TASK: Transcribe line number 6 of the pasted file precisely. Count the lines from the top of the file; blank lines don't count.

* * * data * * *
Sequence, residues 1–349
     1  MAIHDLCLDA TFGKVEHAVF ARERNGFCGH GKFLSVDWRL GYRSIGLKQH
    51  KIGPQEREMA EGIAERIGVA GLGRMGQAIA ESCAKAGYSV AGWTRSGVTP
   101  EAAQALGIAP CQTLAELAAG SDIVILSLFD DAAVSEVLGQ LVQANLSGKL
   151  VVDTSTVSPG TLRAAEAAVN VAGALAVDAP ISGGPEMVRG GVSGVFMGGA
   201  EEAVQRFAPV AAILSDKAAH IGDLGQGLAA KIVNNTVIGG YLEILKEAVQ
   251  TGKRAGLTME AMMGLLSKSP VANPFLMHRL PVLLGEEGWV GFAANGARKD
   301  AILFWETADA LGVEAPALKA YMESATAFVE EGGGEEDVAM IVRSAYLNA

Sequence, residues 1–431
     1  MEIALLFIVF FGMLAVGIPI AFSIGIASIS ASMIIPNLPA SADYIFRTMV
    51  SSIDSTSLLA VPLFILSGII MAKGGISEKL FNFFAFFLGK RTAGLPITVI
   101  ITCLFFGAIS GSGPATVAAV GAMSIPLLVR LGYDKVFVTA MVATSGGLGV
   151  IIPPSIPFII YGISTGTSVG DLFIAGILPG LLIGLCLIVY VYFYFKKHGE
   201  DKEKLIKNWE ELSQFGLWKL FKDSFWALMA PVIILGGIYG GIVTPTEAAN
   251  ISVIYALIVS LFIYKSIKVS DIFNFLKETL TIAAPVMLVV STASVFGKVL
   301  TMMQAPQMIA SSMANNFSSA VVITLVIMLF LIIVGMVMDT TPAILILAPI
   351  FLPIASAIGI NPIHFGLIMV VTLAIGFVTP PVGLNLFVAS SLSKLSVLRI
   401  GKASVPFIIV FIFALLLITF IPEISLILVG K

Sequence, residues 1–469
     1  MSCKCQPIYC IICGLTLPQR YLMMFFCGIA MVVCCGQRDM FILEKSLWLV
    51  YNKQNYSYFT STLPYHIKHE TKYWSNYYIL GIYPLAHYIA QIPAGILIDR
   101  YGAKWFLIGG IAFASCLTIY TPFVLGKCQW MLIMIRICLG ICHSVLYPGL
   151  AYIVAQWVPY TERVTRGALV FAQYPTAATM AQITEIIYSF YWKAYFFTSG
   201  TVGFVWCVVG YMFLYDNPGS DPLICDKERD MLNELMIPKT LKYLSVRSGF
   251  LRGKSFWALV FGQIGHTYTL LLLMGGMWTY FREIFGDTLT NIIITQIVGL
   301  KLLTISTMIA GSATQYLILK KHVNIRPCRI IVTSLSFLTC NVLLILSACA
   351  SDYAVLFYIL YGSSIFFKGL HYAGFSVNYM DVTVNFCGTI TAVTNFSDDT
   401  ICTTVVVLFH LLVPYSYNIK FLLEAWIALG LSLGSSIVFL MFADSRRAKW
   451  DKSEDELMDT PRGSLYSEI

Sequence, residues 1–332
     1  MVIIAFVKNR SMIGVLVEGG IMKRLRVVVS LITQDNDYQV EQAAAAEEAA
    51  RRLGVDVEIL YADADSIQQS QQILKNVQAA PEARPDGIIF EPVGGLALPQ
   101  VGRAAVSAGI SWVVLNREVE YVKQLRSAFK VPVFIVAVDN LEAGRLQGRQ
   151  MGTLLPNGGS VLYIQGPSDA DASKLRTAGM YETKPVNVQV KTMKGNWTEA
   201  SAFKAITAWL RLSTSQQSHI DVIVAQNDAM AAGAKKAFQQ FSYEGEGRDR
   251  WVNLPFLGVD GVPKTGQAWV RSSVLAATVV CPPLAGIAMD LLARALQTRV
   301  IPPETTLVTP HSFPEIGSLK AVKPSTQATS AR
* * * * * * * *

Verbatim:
   201  EEAVQRFAPV AAILSDKAAH IGDLGQGLAA KIVNNTVIGG YLEILKEAVQ